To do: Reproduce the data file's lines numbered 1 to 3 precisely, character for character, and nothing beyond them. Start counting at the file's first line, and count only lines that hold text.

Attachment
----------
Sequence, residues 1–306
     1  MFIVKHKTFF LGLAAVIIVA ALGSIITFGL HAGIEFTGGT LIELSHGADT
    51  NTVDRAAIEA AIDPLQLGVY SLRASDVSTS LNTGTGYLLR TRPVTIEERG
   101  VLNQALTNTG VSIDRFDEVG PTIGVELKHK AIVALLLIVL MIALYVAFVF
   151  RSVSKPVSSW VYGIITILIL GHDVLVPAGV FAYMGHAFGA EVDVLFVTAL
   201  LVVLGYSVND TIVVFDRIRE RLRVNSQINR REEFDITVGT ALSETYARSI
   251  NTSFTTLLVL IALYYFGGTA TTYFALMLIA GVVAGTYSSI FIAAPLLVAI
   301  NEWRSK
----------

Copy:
Sequence, residues 1–306
     1  MFIVKHKTFF LGLAAVIIVA ALGSIITFGL HAGIEFTGGT LIELSHGADT
    51  NTVDRAAIEA AIDPLQLGVY SLRASDVSTS LNTGTGYLLR TRPVTIEERG